When Bees Split the Hive
I am a man awed by nature, the steadfast magic around me that continues to seep into my psyche leaving me delighted, gobsmacked and feeling like there are more questions than answers in this world. Yesterday, nature proved inspiring and dazzling and inexplicable once again, as my bees swarmed, leaving the old queen to exit the hive in search of a new home, while the new queen stayed put, undoubtedly measuring for new carpets and drapes.The bees getting organized; assembling to protect the queen, and perhaps reconsidering their choice of a tender young grape vine as a temporary outpost. (You’re looking at 6.75 pounds of bees.)
My friend Jon was visiting, trying not to wince after his first sip of sweet tea, when he said, “What going on down there? Looks like there’s some giant swarm of flies going crazy.” I turned to look, and immediately recognized that flight pattern: bees, thousands of bees creating a spectacular show over the treetops in my orchard. The hive was beginning to swarm.
The closer we got, the greater the frenzied buzz. (This should have been our clue to step away from the orchard.) Like a wild fire out of control, golden embers dotted the sky in frantic dances. The bees flew free and fast in patterns only nature and they could translate and understand. The usually gentle bees let us know we weren’t invited to this party, so we backed away and watched the best show in town from a safer distance.
My whirling wildfire was now turning into a concentrated winged cyclone, as the bees circled in closer and closer, moving as one unit around the orchard. Within an hour, the bees began to land on my grape arbor, forming a sculptural moving mass of golden brown bees. The worker bees began to locate the queen via her powerful pheromone presence, and created a living and layered fortress around her.
An hour later the orchard was serene, the frantic activity a mere memory with the original resident hive foraging about their business. The departing bees calmly amassed on a couple sinewy grape vines, resting and planning their next move. While scout bees were out looking for the perfect new home, about 20,000 bees swayed in the wind in temporary housing.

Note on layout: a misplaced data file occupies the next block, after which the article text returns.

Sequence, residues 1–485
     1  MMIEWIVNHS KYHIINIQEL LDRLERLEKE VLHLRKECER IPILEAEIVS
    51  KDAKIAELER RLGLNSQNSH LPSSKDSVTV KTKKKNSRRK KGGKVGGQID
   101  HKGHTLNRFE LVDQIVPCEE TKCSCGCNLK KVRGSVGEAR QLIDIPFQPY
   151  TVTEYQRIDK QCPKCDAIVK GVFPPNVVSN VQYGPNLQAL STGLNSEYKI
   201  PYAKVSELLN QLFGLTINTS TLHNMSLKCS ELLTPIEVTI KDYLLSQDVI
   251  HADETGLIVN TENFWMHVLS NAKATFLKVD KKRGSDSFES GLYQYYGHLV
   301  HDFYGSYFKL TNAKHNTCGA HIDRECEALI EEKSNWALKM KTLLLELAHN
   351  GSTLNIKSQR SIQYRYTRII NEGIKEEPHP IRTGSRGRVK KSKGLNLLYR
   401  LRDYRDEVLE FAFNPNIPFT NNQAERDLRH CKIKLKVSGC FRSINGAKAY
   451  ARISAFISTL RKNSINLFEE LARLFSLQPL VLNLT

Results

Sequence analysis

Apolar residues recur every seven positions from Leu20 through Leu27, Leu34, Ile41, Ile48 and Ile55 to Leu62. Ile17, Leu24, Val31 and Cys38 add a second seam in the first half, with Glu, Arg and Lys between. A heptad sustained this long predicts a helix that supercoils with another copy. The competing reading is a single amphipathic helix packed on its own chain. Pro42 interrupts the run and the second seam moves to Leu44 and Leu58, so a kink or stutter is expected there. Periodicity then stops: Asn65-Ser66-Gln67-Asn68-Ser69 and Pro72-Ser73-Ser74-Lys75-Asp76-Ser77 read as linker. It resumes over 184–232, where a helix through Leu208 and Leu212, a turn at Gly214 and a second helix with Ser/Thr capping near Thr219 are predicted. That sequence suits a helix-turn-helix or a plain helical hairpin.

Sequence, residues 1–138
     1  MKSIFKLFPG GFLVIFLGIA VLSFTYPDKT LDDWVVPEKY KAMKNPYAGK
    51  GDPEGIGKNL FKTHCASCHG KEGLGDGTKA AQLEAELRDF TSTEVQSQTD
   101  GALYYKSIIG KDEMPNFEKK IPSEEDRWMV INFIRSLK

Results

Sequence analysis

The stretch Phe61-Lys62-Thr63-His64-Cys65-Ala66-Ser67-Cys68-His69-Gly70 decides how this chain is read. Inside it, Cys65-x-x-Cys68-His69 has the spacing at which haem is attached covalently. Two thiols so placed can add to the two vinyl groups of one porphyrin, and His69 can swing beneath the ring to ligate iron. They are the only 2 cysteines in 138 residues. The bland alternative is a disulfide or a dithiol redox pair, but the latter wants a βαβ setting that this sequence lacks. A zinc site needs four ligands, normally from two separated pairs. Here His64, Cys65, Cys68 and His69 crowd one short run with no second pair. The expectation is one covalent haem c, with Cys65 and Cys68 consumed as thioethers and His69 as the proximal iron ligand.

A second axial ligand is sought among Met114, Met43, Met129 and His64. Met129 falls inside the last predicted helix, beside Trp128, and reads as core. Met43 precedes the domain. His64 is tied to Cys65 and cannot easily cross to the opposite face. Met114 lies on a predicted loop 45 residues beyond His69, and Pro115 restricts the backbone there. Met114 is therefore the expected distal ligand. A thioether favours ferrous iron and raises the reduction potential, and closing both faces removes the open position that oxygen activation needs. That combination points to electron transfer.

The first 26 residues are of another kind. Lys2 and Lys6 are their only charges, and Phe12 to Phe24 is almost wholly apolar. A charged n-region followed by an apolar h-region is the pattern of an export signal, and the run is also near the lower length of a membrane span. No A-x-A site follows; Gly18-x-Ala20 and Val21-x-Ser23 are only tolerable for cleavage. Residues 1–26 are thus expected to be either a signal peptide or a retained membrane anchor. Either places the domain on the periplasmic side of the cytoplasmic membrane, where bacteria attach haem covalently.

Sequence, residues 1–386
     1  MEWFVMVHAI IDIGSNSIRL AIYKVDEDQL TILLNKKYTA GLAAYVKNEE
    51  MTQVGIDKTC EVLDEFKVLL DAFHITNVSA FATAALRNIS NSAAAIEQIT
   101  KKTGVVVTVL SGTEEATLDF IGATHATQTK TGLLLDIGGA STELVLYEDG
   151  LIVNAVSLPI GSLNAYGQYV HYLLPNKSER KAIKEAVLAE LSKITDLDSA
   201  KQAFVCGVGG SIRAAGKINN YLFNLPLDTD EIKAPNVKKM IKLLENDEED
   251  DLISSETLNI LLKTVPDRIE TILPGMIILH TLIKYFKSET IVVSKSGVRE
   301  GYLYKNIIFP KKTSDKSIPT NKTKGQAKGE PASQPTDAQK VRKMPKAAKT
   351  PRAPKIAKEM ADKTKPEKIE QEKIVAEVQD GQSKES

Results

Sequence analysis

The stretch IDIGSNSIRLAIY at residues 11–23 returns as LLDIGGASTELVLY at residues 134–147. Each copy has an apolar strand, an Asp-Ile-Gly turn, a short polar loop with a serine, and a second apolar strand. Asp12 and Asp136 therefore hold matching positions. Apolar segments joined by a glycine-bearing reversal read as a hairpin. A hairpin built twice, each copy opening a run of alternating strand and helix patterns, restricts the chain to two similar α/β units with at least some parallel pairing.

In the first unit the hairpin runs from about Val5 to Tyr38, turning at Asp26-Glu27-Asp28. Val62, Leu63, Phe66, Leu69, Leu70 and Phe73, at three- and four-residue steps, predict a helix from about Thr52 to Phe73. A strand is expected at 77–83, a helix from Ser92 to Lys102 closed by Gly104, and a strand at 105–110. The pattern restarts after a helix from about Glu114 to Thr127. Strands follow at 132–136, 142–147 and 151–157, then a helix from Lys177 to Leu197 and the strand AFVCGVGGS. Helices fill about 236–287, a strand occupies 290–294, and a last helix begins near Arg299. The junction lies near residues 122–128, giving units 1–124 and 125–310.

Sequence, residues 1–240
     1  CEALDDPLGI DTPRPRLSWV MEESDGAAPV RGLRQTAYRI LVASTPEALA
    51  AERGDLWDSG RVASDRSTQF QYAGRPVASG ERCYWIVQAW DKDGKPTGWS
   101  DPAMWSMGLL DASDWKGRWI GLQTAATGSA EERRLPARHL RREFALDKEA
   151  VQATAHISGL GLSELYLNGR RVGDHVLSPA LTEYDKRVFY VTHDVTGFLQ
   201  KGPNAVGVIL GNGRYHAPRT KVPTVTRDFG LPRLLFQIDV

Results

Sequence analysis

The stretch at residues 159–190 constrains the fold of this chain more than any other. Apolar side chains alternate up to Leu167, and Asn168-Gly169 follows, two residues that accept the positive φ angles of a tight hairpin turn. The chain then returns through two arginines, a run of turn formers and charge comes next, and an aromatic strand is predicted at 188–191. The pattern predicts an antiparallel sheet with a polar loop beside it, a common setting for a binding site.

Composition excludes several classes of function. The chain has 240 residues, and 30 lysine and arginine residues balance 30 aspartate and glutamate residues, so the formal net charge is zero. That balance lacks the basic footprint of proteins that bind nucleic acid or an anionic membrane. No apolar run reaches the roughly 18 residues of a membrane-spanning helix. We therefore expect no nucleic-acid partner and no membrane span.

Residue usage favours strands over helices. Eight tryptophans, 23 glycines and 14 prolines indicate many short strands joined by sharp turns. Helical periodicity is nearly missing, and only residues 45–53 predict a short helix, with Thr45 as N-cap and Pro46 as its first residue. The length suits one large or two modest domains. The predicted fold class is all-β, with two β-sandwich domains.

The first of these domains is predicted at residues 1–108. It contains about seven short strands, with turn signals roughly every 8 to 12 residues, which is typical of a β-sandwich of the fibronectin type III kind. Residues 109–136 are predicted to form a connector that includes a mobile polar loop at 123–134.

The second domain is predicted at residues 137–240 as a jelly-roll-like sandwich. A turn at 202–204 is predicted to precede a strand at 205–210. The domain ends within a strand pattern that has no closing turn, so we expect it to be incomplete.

I called my beekeeper pals David and Heidi for guidance. David was at a WSU Beekeeping seminar, but Heidi was happy to help when she returned to the island from her day job in Seattle. PR professional by day, Superhero beekeeper in her off hours. I watched, I listened, I learned and I thanked. Heidi suited up, somehow still remaining cute as a bug’s ear. I always look like a walking talking marshmallow or cotton swab in my bee suit.
After trimming off a few in-the-way vines, she gently lifted an empty 5-gallon bucket up and under the entire swarm, carefully coaxing in a majority of bees as if moving mashed potatoes into a bowl. With one or two brisk shakes of the vine, the remaining bees dropped into the thoroughly vented bucket, filling it completely. The lid was snapped on top and we waited for the straddlers to may their way into the bucket through the side portals.
Gracie took one for the team, her deafness and curiosity about food-grade buckets did not serve her well that day. She sauntered in for a closer look when I wasn’t looking, and met the sharp end of a dutiful bee. I moved her away quickly, and she’s fine now. Boz kept his distance, resting up under the apple tree too exhausted to budge after a day of awesome dog adventures and milk bones. (Had this been a deer or squirrel roundup, he would have been all over it.)
Heidi took the bees back to her and David’s place where they will set them up in a top-bar hive and then return them to my place, because as the beekeeper saying goes, two hives are better than one.
Thank you Heidi and David. You two bee dazzle me with your knowledge, generous natures and sweet as honey dispositions!
Video of the Event: When Bees Swarm